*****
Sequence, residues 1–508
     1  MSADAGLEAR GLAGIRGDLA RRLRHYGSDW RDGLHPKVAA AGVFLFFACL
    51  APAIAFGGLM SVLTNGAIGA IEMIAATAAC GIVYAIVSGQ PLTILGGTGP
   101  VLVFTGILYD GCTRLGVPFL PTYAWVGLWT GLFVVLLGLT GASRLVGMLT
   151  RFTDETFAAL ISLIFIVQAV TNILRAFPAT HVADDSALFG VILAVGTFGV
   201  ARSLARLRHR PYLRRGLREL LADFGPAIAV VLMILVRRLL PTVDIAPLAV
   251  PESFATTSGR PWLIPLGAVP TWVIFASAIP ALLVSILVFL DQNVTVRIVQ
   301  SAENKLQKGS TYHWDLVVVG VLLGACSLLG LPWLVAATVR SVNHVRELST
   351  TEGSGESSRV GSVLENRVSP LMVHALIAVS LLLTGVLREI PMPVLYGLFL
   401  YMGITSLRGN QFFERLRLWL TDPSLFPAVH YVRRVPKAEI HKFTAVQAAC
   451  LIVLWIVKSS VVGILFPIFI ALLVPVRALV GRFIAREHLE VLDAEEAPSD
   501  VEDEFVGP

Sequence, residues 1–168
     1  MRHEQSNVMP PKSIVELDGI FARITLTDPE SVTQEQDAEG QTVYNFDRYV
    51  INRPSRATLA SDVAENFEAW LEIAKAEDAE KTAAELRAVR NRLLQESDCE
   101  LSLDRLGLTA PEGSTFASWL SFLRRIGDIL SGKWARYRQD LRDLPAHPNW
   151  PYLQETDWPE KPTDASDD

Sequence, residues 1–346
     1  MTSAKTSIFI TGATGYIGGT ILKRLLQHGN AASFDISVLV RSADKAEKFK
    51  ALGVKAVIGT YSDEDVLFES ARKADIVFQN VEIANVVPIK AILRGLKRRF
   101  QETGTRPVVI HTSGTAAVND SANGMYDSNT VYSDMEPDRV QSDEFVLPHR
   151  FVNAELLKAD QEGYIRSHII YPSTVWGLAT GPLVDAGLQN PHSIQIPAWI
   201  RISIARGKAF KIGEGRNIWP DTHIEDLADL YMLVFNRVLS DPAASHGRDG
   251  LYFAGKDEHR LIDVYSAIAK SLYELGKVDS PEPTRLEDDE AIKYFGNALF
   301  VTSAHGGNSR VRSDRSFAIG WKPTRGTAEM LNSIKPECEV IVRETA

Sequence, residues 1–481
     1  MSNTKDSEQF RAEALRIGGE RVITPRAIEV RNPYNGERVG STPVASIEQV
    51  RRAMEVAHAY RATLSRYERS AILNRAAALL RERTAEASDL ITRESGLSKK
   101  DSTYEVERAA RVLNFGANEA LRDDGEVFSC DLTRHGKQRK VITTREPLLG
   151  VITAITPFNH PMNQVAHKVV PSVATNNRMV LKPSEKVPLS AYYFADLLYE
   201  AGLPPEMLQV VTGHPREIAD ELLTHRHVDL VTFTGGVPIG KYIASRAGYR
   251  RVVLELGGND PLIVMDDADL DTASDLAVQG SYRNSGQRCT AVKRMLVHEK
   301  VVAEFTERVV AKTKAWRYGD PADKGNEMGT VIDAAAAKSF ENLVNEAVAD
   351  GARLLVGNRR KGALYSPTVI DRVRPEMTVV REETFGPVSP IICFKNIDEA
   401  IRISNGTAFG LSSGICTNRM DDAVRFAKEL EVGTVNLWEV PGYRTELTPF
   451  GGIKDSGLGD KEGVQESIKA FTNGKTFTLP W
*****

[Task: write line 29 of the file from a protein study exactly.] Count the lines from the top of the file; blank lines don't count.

   101  DSTYEVERAA RVLNFGANEA LRDDGEVFSC DLTRHGKQRK VITTREPLLG